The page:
You’ve arrived at week two of our reading of The Infrastructural City; if you’re not familiar with the series, you can start here and catch up here — taking particular note of the index of contributing posts for the first chapter, which tracks the sprawl of the discussion across other blogs.
[The lower reaches of the Los Angeles River, via google maps]
Like Barry Lehrman’s chapter on Owens Lake, the second chapter of The Infrastructural City, “Flood Control Freakology” deals with a water-bearing infrastructure. Unlike the aqueduct and the damaged playa the aqueduct produced, though, which exist to bring water to the city, this second hydrological infrastructure, the heavily-channelized Los Angeles River, has been re-constructed to remove water from the city. The chapter’s author is David Fletcher, a Californian landscape architect and one of the contributors to the recent Los Angeles River Revitalization Master Plan. Fletcher describes the Los Angeles River not just through the dominant “narrative of loss”, which focuses on the destructive qualities of its transformation from a perennial “meshwork of meandering rivers, streams, arroyos, and washes” to a “fully-engineered flood-control system”, but also as what Fletcher terms a “freakology”, or hybrid system composed of both infrastructural and natural parts, which supports “a vibrant mix of varied ecologies”:
“The present river ecology is a churning soup of exotic and native vegetative communities that have been introduced since the nineteenth century, some by design, others by accident. Tourism, shipping, rail, industry, agriculture, and ornamental vegetation have brought humans, animals, insects, and seeds, from around the globe to colonize the river’s naturalized reaches. These reaches have established a curious equilibrium with their ecologies, depending on nutrient-rich flows from sewage treatment and urban runoff…”
Fletcher’s description of “freakology” continues on for pages, reading like a whirlwind tour of ignored urban landscapes whose conductor is madly in love with what others would see as malignancies and degeneracies: “thousands of multicolored bags — known as ‘Los Angeles moss’ — hang from trees”; human encampments line the concrete channels, “smoke emanating from well-furnished stormdrain apartments”; “thriving parrot colonies” are composed of “ragtag teams of birds that escaped private homes as well as from the old Busch Gardens amusement park, closed in the early 1980s”; “bridges house bat colonies and swallow nests”, which are “critical to urban disease vector control”.
[A point of transition between concrete-bottom (at right) and dirt-bottom (at left), photographed by the awesome FOVICKS, or Friends of Vast Industrial Kafka-esque Sturctures, for a photoessay on the Los Angeles River]
The purpose of this cataloging, though, is not merely to assemble a wunderkammer of landscape curiosities, but also aimed at describing, through the creation of “new narratives and vocabularies”, a more realistic direction for the future of the river. Recent efforts to transform the river are rooted in bucolic aesthetic expectations, demanding a return to — or at least a simulation of — the pre-urban condition of the river, typically understood to mean restored flood plains, daylighted streams, un-channelized river banks, and re-established populations of native flora and fauna. Fletcher suggests, though, that these expectations are not grounded in an honest evaluation of the ecological potential of the system, constrained as it is by the limited quantities of water available to Los Angeles:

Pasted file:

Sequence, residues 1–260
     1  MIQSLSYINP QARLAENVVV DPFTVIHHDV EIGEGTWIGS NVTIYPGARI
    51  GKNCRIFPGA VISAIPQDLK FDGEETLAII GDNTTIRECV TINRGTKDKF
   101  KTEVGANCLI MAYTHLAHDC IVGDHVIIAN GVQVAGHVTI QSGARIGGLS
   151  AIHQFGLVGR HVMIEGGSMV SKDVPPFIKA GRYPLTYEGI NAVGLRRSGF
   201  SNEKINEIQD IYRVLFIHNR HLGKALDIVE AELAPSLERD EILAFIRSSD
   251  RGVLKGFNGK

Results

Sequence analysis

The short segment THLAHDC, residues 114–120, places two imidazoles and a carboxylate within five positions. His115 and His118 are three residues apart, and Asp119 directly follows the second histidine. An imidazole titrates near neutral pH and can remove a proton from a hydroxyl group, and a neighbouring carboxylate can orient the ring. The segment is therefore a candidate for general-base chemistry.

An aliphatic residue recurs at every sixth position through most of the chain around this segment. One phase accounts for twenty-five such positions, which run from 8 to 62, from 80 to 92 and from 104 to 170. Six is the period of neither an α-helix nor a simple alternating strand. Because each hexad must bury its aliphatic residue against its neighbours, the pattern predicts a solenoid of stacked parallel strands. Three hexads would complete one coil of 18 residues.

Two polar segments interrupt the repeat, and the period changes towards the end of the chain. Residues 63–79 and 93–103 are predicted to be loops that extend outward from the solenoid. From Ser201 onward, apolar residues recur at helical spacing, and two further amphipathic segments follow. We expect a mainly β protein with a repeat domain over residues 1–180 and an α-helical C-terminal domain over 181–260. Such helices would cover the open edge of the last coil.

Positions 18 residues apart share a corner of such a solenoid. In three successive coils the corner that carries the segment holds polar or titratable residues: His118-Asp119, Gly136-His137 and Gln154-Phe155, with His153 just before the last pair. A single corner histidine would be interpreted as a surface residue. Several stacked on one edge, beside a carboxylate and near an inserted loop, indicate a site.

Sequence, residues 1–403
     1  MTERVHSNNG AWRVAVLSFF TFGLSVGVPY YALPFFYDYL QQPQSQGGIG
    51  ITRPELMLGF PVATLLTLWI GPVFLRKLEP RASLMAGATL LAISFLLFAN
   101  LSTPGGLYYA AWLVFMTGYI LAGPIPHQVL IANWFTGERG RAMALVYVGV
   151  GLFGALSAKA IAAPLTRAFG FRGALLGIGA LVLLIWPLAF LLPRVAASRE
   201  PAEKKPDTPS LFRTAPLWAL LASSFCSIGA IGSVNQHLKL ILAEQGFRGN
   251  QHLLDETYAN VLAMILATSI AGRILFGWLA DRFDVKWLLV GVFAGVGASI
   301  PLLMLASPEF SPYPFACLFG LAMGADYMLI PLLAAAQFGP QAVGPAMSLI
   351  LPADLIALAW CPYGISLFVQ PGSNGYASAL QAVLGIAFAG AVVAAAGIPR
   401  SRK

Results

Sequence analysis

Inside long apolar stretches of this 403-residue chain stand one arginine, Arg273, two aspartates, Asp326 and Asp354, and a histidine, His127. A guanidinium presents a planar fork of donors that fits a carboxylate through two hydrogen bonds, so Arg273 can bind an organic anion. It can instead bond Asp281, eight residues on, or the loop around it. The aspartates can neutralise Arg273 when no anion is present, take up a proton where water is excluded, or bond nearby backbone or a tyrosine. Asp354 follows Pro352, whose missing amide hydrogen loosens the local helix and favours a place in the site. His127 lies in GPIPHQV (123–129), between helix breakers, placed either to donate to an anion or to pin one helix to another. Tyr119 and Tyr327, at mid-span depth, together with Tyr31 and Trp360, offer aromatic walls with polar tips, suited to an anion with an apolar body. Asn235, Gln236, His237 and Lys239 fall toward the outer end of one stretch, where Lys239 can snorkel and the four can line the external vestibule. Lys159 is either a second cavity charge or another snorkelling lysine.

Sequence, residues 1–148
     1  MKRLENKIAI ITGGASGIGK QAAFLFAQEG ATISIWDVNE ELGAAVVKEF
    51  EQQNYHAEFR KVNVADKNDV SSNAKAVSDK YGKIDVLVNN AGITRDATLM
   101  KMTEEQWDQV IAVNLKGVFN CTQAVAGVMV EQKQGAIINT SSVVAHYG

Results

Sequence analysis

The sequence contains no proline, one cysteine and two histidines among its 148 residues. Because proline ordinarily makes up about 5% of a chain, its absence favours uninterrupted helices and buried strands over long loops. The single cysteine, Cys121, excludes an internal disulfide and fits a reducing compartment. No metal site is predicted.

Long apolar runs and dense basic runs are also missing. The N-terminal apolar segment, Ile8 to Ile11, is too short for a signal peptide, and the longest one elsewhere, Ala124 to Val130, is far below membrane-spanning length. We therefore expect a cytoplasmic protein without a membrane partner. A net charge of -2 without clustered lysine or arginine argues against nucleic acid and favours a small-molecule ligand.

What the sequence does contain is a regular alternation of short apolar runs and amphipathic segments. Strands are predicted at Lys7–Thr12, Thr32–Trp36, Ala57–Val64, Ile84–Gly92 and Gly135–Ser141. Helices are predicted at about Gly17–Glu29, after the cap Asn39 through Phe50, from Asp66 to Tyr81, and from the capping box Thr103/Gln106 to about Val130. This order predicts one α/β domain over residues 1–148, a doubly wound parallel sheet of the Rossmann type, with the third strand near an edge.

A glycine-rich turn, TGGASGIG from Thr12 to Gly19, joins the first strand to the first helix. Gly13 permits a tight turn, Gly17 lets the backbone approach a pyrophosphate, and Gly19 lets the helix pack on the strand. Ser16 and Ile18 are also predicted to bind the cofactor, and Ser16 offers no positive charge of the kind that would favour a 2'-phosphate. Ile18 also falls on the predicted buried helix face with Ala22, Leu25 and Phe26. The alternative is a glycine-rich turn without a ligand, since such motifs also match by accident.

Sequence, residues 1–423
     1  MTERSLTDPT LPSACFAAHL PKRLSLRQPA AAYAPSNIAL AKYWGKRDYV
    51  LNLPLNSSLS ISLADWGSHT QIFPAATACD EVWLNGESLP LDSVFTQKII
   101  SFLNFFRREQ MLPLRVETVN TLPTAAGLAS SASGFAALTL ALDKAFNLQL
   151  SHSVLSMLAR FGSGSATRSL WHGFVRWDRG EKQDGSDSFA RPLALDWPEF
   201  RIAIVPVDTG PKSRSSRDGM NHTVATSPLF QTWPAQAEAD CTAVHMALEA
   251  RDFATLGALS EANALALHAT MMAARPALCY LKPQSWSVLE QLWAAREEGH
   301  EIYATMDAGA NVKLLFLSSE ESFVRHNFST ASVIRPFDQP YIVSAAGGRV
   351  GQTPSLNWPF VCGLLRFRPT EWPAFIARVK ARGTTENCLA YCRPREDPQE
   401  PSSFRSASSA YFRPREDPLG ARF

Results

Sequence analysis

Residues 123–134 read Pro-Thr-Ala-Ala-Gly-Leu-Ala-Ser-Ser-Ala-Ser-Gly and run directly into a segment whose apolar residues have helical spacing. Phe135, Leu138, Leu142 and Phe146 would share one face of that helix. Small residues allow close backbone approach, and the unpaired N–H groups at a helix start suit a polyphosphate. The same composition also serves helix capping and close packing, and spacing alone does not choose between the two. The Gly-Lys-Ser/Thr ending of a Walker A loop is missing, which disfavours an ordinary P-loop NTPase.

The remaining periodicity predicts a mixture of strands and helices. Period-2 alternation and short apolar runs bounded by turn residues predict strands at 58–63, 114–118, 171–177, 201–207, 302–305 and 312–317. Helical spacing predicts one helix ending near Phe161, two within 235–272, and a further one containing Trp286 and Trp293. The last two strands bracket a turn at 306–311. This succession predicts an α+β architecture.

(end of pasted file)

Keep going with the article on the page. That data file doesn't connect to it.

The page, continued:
“The future of the river and its infrastructural ecologies depends on water availability and flood-control policy. With prolonged drought conditions and growing pressure on water supplies in the American West, Los Angeles will have to become more self-reliant, turning to conservation and greywater reuse as major sources of water savings… As the city grows rapidly over the next decades — primarily through sprawl and infill densification — and as wastewater is re-appropriated for that growth, the city forecasts that the amount of water reaching the river will drastically decrease. Decreased water supplies due to climate change and increasing water demand for recycled water means that soon there will not be enough water to sustain the river’s ecologies and landscapes…”
This stance, and the provocative suggestion that “restoration” is, whether desirable or not, simply not an option, aggressively counters the received orthodoxy in landscape planning, which tends to see distinctions like “soft infrastructure” versus “hard infrastructure” as not only having functional distinctions, but also as existing in a Manichean moral environment: a river bed encased in concrete is always bad, and a naturalized flood plain is always good.
[The Los Angeles River slips under “the” 105, via google maps]
If we can accept for the moment, as Fletcher asks us to, that “freakology” is, at least at times, the unavoidable result of the interaction of infrastructural and natural systems, then we are left with an important and fascinating question: what is a landscape architecture with freakish rather than bucolic characteristics like1?
[Life in the upper concrete reaches of the Los Angeles River, via FOVICKS]
It obviously involves an alteration of aesthetic priorities and models. The bucolic traditions relies most deeply on Arcadian ideals handed down from the classical and Romantic landscapes of Western Europe, peripherally on the garden traditions of East Asia, and more recently upon the elaborate simulation or re-arrangement of previous local ecologies, a la Jens Jensen and Piet Oudolf. A quick browse through the ASLA’s yearly residental award winners evidences the degree to which these traditions have been assimilated into a single bucolic vernacular favored by wealthy clients and their designers. In comparison to these traditions, a gardened infrastructure may be jarring, prone to odd bursts of coloration and seemingly disorganized, but that does not mean that it will not have a beauty — and an organization — of its own. That organization may be more emergent than it is planned, and that beauty as removed from the bucolic tradition as the favela is from Haussmann’s Paris, but that does not mean that we cannot train ourselves to see it.